Second one on the banking, BFSI, basically, I mean, the message is overall in the beginning of the quarter, there were some concerns and we had seen some initial drop. But as the quarter progressed, we've started seeing some fast recovery in the business volumes and deals during the quarter. And this was particularly in U.S. and APAC.

On the negative side, we continue to see some softness in the capital markets and cards and payment sector and similarly like it was discussed in this call, the near zero interest rates could also impact profitability of banks and it could potentially have some bearing on the tech spending.

But on the positive side, we have seen multiple deal signings. In fact, out of the 15 deals -- large deals that we won in quarter one, five were from BFSI space. And we just saw -- in early quarter two, we saw the Vanguard deal as well.

So net-net, it's a mixed thing. But we remain -- I mean, given the increased volume that we have seen coming back early in the quarter and toward the later of the quarter and large deal wins, we remain optimistic about this sector.

James Friedman -- Susquehanna Financial Group -- Analyst

Great. Thank you for the color. I'll drop back into the queue.

Operator

Thank you. The next question is from the line of Ankur Rudra from J.P. Morgan. Please go ahead.

Ankur Rudra -- J.P. Morgan -- Analyst

Hey. Thank you, and great execution and thank you for the resumption of guidance. Could you elaborate, as you went through the quarter, which parts of the business surprised you positively and negatively in terms of signings and execution, maybe in terms of industries, geographies or services?

Salil Parekh -- Chief Executive Officer and Managing Director

Thanks, Ankur for the question. The view in terms of the signings or execution, as the quarter progressed, we saw more and more positivity actually across the sectors. Even some of the sectors that were significantly impacted earlier in the quarter, we saw a little bit positive action. Overall, as you saw sectors like Manufacturing, Retail were still quite difficult in the quarter. And then, of course, what we saw in Hi-Tech is really extremely strong in this market and Pravin shared some views in an earlier discussion. Nilanjan also shared some views on that. We think there is a set of resilience, which really comes from a lot of spend which is geared toward companies executing more digital work, more cloud work, more work on cyber and data. And those are the sorts of things that looked positive as the quarter progressed.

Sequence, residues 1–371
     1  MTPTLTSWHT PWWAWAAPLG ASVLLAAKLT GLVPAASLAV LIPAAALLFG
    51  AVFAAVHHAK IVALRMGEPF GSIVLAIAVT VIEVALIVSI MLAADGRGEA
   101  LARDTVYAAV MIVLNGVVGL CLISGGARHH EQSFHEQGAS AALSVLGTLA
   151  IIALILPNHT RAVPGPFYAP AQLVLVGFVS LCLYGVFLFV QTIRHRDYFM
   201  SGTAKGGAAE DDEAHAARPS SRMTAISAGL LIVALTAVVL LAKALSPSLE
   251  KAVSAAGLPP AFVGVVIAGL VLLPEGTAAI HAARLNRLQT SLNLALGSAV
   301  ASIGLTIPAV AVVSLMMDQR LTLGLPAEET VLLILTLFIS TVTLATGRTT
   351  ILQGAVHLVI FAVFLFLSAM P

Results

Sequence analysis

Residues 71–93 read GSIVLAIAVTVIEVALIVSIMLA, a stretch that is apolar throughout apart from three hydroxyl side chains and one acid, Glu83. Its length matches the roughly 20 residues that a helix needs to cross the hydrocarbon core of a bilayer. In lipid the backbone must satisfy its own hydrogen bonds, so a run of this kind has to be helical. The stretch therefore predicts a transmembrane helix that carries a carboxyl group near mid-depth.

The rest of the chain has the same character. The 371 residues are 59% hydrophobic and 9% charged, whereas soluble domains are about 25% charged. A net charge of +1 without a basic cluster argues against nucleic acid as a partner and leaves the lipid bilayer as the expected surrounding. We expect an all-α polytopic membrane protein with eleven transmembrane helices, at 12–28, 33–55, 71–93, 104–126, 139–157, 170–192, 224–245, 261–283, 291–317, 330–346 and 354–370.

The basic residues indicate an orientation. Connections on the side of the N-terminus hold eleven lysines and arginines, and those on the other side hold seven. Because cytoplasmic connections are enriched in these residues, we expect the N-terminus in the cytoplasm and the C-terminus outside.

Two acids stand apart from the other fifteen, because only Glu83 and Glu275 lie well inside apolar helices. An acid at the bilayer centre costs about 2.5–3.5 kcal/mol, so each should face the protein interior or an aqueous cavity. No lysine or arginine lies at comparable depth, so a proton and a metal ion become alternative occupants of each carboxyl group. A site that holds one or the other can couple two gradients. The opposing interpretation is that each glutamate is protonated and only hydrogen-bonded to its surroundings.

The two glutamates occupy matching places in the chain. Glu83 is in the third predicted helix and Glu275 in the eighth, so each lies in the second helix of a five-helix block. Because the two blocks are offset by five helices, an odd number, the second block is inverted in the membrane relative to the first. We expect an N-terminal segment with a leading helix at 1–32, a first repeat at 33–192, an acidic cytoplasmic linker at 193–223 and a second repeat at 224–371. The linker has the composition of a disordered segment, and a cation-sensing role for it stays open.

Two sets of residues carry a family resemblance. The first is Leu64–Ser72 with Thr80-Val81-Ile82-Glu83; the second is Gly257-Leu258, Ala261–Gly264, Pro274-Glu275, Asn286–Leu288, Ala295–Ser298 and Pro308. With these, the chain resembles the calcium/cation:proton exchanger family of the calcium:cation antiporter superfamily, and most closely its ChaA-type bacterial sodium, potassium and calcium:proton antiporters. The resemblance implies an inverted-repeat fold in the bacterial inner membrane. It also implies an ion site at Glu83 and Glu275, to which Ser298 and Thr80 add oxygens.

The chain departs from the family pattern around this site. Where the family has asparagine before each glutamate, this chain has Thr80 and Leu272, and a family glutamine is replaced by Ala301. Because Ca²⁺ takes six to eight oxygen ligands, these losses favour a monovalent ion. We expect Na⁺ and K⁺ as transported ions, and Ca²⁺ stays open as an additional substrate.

Ankur Rudra -- J.P. Morgan -- Analyst

Thanks. And on that note, if I could dig a bit deeper, it's been two-and-a-half years since you've scoped out the focus toward digital services through your Digital Pentagon and your investments toward that in the last few years. How is demand changing due to the pandemic in parts of your digital portfolio? Are there areas where you're seeing a lot more success and areas where you are lighter and have scope for bulking up in the direction of the new demand?

Salil Parekh -- Chief Executive Officer and Managing Director

If I understood the question, there is definitely areas, for example, cloud, which are just growing even faster than our overall digital business. Cyber security is good. I know all of the digital areas we are finding to be today in good shape, but some like cloud are expanding even faster.

Ankur Rudra -- J.P. Morgan -- Analyst

Okay. And the second part of the question, Salil, was are there any areas where you think you've been lighter in terms of where the demand is going, where you may look to bulk up in future?

Salil Parekh -- Chief Executive Officer and Managing Director

In our scale, OK. I don't know if we are lighter, but in a sense, you've seen at least two of the acquisitions we've done have been with SaaS cloud services players in the last 12 months. We think there is more of it that we can do, where in a sense we are not lighter, but we see the demand actually in a very good position. So we will look to see how we can add to such capacity. On most of the areas in that Pentagon, we actually have ideas and open discussions. So, if lot of those things mesh up well, pricing, culture, etc., then we are looking to do some more additions.